In 1945 in Hollywood I watched a film being made at Monogram Studios: "The Enchanted Forest." A scene had a police dog attacking a man who was wearing, unseen under his shirt, thick padding on the arm that he raised. The scene was shot three times, I think, and the actor, or stunt man, complained to me between takes, as I stood idly by, that his arm hurt like hell.
What interests me about the scene was how good an actor the dog was – if you can call it acting. When "cut" was shouted the dog was called off and immediately changed his mood. Dogs behave from instinct and also with social context in mind.
Years later while I was attending Junior College and living with my parents, they had a part German Shepard that my mother said had been abused by children when it was a pup. The dog was about a year old, and we became good friends. We went hiking together and we enjoyed rough play that included its persistence in hanging onto objects that I'd try to take from it. And I might wrestle the dog to the ground. No matter how rough our play, the dog remained affectionate. With me the dog was acting. He wasn't one day when a friend drove up and his young son stepped out of the car. I didn't see how the kid greeted the dog, but I heard the dog's sounds of rage that he never made with me. I had to pull the dog off the kid. The kid lost his ear, and my mother had to have the dog put down – a city ordinance perhaps – which I opposed.
Around these years a dog down the street charged and went for my ankle as I was walking by. I kicked the dog airborne and it went yipping into retreat toward its house. The dog never charged again, but it was loose and it did bark.
In 1965 I was on the UC Berkeley campus where a lot of dogs hung out in the plaza in front of the administration building – a place affectionately called Red Square. When there was tension among people in the plaza it would pass to the dogs – more dog sensitivity to social context.
When Diane Whipple was killed in front of her apartment door by two dogs in January 2001 in San Francisco, it reminded me of two things. Male dogs in pairs are more confident and more aggressive; and signaling fear encourages an attack. I'm sorry the dogs were able to get her on the ground. If they hadn't, she might have survived.
Around this time while walking across a soccer field, alone on the field except for a guy with a dog about fifty yards away, the dog started running toward me and barking. I continued walking as I had. The dog stopped next to me and was moving parallel with me. And when I turned slightly and spoke it riled him. That disturbed me, but I kept walking, pretending that the dog was insignificant, and the dog ran back to its owner, who was still screaming.
I decided that if a dog was big enough to attack me airborne like the dog in the scene shot at Monogram studios, I wouldn't allow the dog to knock me over. Rather than throw my arm up for protection as the actor did, I would shoot my arm out and parry him off to the right as I moved to the left. A dog in the air has no way to maneuver. Then, if possible and if necessary, with him on the ground I would attack with kicks. Proper military strategy is to hit hard and fast when the enemy is incapacitated, rather than giving it time to turn for another attack.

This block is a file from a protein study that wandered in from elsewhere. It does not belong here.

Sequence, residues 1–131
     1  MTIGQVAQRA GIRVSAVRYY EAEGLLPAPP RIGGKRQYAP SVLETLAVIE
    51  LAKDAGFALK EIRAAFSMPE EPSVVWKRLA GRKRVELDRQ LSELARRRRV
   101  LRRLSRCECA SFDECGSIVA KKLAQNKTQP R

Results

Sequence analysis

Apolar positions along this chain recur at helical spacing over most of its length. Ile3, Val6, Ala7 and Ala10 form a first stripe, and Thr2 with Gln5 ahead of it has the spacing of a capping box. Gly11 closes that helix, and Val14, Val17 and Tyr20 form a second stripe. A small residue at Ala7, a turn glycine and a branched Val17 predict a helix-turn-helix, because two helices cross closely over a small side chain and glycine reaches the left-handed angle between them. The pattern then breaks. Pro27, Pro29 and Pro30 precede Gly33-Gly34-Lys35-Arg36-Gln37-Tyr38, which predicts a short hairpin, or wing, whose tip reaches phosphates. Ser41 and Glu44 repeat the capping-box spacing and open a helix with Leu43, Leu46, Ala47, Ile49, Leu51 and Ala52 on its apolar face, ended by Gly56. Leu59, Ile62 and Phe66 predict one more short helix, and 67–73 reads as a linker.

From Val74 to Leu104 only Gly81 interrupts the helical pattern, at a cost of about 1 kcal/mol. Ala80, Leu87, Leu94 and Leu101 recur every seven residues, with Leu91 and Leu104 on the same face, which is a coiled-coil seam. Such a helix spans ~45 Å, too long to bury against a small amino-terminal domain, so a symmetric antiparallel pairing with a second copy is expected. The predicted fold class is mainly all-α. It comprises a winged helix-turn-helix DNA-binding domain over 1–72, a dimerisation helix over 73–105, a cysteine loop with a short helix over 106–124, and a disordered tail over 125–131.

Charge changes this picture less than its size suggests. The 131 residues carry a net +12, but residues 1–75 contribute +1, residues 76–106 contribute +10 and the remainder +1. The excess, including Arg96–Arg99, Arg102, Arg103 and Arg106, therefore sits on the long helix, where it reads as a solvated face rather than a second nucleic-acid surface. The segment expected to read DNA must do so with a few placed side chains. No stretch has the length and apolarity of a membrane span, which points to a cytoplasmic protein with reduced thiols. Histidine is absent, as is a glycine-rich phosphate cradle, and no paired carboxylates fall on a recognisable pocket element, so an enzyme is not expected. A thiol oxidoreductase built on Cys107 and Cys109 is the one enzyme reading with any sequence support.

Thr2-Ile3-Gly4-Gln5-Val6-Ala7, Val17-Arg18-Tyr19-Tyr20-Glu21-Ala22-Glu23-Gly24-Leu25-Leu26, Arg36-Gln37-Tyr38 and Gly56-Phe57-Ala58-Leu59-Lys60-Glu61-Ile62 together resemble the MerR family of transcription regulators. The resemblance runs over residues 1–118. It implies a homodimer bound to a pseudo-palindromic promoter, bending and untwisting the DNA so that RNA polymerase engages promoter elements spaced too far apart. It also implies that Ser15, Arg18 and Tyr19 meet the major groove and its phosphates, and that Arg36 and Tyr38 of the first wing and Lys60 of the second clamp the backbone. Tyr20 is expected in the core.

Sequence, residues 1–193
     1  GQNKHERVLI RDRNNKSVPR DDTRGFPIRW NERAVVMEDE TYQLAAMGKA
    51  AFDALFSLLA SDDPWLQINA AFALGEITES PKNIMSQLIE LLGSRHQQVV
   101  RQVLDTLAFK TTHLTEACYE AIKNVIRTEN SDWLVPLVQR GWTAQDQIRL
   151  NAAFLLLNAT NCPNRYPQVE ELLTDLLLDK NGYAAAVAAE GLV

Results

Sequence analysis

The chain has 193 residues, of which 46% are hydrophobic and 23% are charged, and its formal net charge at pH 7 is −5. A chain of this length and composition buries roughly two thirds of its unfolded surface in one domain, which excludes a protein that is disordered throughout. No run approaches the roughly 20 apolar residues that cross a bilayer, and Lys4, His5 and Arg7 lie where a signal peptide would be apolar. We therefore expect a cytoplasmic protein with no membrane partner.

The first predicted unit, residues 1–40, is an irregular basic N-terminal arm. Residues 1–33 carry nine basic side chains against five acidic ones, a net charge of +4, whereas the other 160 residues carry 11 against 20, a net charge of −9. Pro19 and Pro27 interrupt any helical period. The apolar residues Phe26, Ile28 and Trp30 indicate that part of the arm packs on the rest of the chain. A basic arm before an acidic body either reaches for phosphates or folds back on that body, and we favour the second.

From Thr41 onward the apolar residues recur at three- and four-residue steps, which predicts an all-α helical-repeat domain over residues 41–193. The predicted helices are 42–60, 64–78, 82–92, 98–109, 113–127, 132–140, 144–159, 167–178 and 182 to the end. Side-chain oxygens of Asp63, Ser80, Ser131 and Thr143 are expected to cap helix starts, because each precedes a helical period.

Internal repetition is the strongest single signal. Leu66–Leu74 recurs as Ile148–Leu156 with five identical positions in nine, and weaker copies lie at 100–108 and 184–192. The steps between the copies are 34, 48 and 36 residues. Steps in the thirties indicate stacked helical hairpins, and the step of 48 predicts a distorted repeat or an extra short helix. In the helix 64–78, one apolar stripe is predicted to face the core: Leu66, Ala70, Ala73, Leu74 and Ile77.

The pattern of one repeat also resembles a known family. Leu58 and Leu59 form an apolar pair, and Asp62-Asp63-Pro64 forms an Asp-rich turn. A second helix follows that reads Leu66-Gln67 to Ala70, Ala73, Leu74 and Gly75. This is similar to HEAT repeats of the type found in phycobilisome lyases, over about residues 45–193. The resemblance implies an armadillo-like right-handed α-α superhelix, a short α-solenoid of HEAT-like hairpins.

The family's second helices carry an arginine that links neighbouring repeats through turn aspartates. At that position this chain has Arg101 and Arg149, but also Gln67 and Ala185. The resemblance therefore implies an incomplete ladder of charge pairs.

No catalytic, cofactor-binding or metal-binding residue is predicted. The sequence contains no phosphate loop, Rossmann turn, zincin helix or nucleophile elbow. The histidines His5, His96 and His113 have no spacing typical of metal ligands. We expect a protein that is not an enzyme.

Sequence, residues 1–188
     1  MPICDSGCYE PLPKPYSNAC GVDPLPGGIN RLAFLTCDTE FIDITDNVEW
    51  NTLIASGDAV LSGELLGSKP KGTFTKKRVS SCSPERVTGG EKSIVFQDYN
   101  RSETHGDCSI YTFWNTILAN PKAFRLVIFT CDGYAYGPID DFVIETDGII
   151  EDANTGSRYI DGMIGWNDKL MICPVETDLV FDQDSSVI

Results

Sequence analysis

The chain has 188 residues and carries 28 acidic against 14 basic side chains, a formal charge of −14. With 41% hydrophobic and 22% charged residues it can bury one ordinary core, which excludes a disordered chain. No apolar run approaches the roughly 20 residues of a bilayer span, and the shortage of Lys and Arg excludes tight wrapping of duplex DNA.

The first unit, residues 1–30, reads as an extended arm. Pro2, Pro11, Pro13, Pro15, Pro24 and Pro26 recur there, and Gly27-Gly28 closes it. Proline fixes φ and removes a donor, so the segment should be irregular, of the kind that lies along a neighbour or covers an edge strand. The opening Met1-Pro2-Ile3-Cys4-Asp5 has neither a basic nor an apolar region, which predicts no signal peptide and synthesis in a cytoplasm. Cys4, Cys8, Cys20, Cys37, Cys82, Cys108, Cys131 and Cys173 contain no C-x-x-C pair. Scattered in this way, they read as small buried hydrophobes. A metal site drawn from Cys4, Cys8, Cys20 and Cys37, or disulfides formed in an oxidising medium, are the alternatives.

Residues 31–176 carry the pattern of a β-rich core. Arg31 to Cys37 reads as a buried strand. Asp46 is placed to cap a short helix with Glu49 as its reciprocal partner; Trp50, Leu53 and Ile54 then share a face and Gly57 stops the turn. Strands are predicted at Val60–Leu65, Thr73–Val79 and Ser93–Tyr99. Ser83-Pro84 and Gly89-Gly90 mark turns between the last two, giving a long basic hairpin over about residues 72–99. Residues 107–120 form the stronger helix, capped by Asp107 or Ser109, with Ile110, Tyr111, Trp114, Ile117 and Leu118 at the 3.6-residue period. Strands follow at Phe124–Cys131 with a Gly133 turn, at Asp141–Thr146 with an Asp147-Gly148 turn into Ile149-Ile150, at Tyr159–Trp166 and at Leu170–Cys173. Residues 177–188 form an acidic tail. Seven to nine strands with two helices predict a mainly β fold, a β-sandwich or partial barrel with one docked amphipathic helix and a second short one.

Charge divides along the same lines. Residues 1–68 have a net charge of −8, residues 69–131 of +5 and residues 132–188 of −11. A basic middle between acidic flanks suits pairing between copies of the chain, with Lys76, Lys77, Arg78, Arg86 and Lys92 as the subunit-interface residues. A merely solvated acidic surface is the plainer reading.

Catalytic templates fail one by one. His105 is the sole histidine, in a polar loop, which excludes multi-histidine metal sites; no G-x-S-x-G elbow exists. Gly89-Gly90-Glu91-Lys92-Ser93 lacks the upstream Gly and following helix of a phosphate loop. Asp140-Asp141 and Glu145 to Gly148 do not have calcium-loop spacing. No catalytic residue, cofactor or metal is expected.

Two days ago I was walking in the park, and a man with two dogs on leashes and one dog not on a leash were walking toward me. The dog not a leash was a good-sized boxer. I kept walking and the dog started moving toward me and then broke into a full change with an expression of full ferocity. Perhaps the dog became confused by seeing absolutely no response as I continued to walk, except a slight turn of my head. I was in a lazy mood and didn't want to be bothered, but I would have responded if I had seen the dog headed for my ankle or going airborne. If I had turned to defend myself or had run it would have provided him with a reason to stay on target. The dog was running too fast to pull up short. A couple of yards in front of me, out of the corner of my eye, I saw it veering slightly to the right. The dog raced by me. Then it turned away from me, and obeyed its master's shouts.
I wish others my good fortune. A woman friend walking in this same park was attacked by a dog and had to go to the hospital.
Online I now see some advice:
Don't show your teeth by smiling or talking at an aggressive dog. The dog sees it as you baring your teeth for a fight. (Now I understand why the dog on the soccer field flared.)
Running away fires up the dog's prey instincts.
Maintain a non-threatening position as long as possible. This includes no eye-contact other than peripheral. Standing sideways to the dog and keeping the dog in your peripheral vision rather than facing the dog or dogs signals that you are not a threat.
Dogs are vulnerable to human defenses. Don't panic. If the dog is big enough to get airborne it can't maneuver in the air and you can parry and knock it down. Instead, most likely the dog will attack your legs. At the last moment of a dog's sustained charge or if the dog is actually at you in an attack, your attempt to be non-threatening no longer helps. Turn immediately and kick, kick, kick. Don't let the dog's impact knock you down and try to stop the dog from getting his teeth into your flesh. Don't be pacifistic. Continue hitting the dog's head with your fists rather than pulling away and tearing your flesh.
Small dogs are vulnerable to being picked up by a hind leg, swung around, its weight opposite your body weight, and tossed.
Dogs for us are like people. We can be fond of them and hate one or two momentarily. If attacked, your rage helps you defend yourself. And foo bad for the irresponsible dog owner.
Copyright © 2012 by Frank E. Smitha. All rights reserved.